The "how" also includes cultural factors, like "how do we position people for success?" The importance of the cultural aspects should not be underestimated! Technology is often the easier part of a cloud transformation because changing the workflow of a large group of people presents a lot of challenges. How you shepherd your people along in the cloud journey can make or break your transition. Empathy, professional development, and support are just as important in your success as choosing between serverless and EC2.

As Raj Patel, the Head of Cloud Engineering at Pinterest, puts it in Case Studies In Cloud Migration, "any time you do a cloud migration-- especially with engineers-- there's always this notion of: 'Here's my way of doing it, here's your way of doing it: What's the right way of doing it?' If you had an outside group tell you this is the only way you're going to do it, you're going to run into a lot of friction."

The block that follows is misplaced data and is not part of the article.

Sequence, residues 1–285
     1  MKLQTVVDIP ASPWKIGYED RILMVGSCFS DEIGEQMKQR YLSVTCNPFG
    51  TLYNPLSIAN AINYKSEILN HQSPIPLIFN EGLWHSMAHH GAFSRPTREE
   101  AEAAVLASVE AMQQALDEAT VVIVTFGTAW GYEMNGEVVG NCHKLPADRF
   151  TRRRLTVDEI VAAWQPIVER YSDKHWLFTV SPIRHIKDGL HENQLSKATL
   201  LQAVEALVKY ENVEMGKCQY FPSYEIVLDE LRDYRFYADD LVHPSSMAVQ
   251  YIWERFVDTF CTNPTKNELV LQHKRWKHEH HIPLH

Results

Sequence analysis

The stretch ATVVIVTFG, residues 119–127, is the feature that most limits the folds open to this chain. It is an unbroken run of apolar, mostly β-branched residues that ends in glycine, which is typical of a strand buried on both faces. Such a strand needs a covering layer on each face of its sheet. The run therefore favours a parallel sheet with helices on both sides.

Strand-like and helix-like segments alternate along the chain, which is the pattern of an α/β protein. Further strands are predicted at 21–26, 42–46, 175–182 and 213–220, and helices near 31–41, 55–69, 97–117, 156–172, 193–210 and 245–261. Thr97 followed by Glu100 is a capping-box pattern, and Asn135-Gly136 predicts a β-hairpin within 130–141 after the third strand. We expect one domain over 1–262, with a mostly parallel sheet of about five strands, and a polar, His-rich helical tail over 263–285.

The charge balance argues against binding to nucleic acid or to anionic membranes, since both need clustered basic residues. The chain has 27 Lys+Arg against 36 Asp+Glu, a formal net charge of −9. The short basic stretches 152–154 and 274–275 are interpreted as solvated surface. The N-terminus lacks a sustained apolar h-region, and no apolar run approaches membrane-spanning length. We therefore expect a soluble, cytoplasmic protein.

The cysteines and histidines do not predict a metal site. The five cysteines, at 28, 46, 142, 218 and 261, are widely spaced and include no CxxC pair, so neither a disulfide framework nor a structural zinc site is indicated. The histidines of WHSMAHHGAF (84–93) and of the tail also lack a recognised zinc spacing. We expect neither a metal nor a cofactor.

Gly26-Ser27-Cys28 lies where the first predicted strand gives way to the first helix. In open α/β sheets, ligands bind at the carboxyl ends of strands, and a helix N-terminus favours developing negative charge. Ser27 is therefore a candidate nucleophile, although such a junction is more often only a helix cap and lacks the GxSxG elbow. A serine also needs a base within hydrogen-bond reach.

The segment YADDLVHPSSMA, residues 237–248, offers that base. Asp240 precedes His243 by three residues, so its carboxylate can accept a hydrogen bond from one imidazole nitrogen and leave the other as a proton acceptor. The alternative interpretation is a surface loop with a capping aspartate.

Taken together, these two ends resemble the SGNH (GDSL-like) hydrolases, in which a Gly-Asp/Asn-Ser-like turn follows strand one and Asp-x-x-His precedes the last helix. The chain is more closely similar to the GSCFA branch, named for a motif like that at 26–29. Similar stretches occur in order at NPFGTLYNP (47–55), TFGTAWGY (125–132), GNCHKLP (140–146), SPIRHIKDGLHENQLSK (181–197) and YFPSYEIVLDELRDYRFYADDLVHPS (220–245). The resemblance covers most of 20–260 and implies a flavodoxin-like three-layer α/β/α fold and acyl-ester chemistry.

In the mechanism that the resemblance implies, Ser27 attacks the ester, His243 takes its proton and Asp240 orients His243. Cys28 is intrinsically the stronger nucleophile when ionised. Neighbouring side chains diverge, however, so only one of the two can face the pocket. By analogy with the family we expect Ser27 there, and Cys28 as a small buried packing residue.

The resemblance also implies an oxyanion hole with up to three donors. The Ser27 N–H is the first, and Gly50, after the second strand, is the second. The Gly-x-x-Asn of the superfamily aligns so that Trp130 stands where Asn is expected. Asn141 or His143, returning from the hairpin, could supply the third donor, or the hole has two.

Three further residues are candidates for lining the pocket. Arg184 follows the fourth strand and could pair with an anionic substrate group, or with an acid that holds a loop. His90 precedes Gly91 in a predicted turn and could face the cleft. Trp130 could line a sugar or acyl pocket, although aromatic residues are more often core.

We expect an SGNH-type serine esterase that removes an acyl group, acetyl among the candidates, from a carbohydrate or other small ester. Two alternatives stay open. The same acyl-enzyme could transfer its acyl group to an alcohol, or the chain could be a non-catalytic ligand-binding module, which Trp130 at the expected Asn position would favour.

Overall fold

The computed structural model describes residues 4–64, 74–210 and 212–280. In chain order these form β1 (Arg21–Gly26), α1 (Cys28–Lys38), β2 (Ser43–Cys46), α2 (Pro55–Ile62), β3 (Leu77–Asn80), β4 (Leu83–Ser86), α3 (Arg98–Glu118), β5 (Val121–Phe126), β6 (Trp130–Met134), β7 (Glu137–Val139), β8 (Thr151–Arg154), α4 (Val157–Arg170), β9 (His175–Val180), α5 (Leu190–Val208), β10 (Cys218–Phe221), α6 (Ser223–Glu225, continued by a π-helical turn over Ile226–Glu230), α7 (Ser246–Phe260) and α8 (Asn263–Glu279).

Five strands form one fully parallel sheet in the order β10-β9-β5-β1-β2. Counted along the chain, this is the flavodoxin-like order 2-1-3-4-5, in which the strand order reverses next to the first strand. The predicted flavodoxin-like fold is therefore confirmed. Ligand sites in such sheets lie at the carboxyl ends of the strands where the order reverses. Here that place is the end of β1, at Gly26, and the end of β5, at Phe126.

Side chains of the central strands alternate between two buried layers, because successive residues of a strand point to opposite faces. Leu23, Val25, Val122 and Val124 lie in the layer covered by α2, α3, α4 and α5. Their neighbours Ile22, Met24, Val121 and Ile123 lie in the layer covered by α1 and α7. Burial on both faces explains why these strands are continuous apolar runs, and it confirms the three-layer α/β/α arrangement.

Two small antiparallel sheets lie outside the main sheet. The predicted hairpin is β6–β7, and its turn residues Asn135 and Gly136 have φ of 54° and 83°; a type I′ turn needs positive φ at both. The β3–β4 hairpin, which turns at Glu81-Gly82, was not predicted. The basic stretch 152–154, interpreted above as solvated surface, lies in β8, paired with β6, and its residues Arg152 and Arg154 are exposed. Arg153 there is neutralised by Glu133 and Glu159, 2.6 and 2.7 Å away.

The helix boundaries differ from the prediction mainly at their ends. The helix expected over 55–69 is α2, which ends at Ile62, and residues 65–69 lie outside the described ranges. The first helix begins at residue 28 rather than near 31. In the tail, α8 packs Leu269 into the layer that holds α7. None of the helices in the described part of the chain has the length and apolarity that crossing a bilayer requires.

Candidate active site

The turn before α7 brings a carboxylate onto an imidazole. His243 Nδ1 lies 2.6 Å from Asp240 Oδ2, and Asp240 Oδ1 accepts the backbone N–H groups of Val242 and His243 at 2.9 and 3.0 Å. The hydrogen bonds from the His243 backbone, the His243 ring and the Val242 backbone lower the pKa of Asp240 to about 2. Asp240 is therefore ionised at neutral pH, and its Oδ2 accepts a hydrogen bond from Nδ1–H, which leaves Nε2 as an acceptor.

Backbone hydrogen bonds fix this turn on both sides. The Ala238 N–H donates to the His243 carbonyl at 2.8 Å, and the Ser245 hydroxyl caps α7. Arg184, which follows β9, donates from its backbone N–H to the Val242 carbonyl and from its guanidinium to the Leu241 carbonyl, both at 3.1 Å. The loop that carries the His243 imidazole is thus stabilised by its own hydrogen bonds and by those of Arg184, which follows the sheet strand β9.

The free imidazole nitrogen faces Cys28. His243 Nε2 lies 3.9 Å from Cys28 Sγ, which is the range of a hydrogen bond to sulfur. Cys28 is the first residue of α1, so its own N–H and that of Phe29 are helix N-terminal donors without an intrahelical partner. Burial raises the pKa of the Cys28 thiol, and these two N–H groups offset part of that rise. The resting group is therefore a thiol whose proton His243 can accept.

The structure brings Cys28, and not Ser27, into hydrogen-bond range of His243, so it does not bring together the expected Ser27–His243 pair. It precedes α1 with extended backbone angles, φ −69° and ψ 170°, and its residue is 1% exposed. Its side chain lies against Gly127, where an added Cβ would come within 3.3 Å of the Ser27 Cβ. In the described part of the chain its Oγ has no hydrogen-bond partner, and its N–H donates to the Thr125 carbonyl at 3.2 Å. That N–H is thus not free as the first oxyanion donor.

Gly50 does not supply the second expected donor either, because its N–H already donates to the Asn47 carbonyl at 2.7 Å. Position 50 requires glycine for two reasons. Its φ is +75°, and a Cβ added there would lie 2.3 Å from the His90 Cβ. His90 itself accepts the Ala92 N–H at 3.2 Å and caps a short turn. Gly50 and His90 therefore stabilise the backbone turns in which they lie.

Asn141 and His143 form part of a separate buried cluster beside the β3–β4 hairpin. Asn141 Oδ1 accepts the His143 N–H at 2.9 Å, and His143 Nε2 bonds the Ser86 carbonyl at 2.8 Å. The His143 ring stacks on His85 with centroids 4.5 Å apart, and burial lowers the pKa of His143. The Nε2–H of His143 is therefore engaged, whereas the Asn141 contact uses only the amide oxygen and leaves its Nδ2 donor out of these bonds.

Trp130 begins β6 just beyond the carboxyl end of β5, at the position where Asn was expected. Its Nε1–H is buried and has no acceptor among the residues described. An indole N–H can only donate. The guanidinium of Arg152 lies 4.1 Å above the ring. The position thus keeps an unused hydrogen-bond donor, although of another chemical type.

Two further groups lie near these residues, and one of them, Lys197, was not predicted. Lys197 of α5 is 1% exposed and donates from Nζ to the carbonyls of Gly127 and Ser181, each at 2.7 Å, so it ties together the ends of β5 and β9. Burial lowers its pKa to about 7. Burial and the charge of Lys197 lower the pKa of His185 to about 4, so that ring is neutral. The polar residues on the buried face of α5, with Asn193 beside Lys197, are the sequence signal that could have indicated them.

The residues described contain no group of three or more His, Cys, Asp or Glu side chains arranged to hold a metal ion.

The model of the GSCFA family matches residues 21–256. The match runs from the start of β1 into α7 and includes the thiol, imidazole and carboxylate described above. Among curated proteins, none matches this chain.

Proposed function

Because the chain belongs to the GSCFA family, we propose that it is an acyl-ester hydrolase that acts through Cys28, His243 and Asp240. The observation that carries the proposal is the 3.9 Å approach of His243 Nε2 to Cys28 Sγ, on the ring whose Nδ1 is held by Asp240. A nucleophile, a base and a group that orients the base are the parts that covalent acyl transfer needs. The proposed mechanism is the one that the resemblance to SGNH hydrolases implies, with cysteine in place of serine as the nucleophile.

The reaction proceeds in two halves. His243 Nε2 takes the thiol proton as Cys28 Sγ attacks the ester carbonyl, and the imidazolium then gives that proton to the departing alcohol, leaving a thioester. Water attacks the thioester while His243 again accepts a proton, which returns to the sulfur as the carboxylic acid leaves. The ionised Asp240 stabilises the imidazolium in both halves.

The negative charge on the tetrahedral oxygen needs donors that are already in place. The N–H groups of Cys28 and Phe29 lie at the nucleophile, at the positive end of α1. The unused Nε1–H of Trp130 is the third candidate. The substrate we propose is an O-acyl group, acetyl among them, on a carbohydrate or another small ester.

You also need to include the "what," such as:

  • What workloads will be moved?
  • What are we comfortable moving?
  • What technologies do we want to leverage?

Finally, you need to define success. Success could be when you shut down data centers, or when all new development happens in the cloud. To define success, ask yourself what the end goal is for your organization.

Take the time to answer these important questions before you move ahead.

2. Consult the right people.